|Tax Topic #451
||2008 Tax Year
Topic 451 - Individual Retirement Arrangements (IRAs)
An individual retirement arrangement, or IRA, is a personal savings plan
which allows you to set aside money for retirement, while offering you tax
advantages. You may be able to deduct some or all of your contributions to
your IRA. You may also be eligible for a tax credit equal to a percentage
of your contribution. Amounts in your IRA, including earnings, generally are
not taxed until distributed to you. IRA's cannot be owned jointly. However,
any amounts remaining in your IRA upon your death can be paid to your beneficiary
To contribute to a traditional IRA, you must be under age 70 1/2 at the
end of the tax year. You, and/or your spouse if you file a joint return, must
have taxable compensation, such as wages, salaries, commissions, tips, bonuses,
or net income from self–employment. Taxable alimony
and separate maintenance payments received by an individual are treated as
compensation for IRA purposes.
Compensation does not include earnings and profits from property, such
as rental income, interest and dividend income or any amount received as pension
or annuity income, or as deferred compensation.
Please refer to Publication 590 for information on the
amounts you will be eligible to contribute to your IRA account.
Figure your deduction using the worksheets in the Form 1040 Instructions, Form 1040A Instructions or in Publication
590. You cannot claim an IRA deduction on Form 1040EZ; you must use either Form 1040A (PDF) or Form 1040 (PDF).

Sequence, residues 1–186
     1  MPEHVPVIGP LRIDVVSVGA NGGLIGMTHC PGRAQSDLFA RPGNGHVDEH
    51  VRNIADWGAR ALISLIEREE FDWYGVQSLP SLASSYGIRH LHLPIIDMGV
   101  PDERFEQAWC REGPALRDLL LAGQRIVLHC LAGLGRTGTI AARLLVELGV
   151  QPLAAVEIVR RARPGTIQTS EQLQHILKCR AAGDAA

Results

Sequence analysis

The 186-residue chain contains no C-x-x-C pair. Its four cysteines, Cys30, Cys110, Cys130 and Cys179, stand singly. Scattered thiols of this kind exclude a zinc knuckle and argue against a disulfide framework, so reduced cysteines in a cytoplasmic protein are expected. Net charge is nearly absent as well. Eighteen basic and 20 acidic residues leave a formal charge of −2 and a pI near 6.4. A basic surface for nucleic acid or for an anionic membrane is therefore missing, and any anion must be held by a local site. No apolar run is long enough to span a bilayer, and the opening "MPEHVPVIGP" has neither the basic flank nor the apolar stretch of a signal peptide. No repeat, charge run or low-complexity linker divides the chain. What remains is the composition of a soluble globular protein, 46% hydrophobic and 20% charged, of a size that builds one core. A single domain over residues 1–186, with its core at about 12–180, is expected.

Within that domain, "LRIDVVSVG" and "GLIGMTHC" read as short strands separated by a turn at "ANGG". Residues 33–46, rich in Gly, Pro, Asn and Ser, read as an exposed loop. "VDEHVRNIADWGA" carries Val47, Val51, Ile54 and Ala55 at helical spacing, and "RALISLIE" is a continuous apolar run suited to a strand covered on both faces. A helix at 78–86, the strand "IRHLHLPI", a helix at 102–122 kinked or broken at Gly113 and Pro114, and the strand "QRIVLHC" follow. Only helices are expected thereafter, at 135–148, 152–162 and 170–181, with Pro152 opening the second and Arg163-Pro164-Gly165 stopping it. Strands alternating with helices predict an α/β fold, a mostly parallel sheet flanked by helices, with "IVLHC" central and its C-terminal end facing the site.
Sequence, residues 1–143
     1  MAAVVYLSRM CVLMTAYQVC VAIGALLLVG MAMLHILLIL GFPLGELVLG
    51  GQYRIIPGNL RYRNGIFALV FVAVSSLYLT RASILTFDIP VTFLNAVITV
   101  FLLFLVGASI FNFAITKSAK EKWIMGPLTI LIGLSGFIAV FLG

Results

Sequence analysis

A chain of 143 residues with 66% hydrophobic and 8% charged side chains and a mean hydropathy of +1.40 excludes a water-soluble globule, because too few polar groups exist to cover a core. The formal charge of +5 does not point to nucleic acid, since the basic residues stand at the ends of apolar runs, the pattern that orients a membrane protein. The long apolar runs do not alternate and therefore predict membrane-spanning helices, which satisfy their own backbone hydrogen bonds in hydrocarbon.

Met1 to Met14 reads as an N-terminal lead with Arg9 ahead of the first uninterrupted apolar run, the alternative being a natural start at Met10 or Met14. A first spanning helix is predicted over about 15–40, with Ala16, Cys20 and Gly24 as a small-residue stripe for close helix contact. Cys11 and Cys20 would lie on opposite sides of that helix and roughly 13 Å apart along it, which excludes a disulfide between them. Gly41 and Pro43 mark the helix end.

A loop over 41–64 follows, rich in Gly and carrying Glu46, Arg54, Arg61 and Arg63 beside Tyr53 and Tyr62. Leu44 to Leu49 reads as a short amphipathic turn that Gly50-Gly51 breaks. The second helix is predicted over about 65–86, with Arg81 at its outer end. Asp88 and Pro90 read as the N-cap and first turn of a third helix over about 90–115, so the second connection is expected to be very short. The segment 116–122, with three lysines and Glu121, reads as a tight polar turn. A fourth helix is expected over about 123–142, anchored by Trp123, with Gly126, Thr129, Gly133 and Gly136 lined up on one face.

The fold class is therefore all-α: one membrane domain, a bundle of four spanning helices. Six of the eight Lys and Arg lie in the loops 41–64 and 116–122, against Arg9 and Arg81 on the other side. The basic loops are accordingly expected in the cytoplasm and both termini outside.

If you made nondeductible contributions to a traditional IRA you would need
to attach Form 8606 (PDF), Nondeductible IRA's.
Use Form 8880 (PDF), Credit for Qualified Retirement
Savings Contributions, to determine whether you are also eligible for
a tax credit. Enter the amount of the credit on either Form 1040A or Form
1040. You cannot use Form 1040EZ to claim this credit.
The deadline for contributions to a traditional IRA for the year is the
due date of your return, not including any extensions of time to file.
Amounts you withdraw from your IRA are fully or partially taxable in the
year you withdraw them. If you made only deductible contributions, withdrawals
are fully taxable. Use Form 8606 to figure the taxable portion of withdrawals.
Withdrawals made prior to age 59 1/2 may be subject to a 10% additional
tax. You also may owe an excise tax if you do not begin to withdraw minimum
distributions by April 1st of the year after you reach age 70 1/2. These additional
taxes are figured and reported on Form 5329 (PDF).
Refer to Form 5329 Instructions for exceptions to the
additional taxes. For information on Roth IRA contributions or distributions,
refer to Topic 309. For information on conversions from a traditional
IRA to a Roth IRA, refer to Publication 590.
Page Last Reviewed or Updated: December 22, 2008
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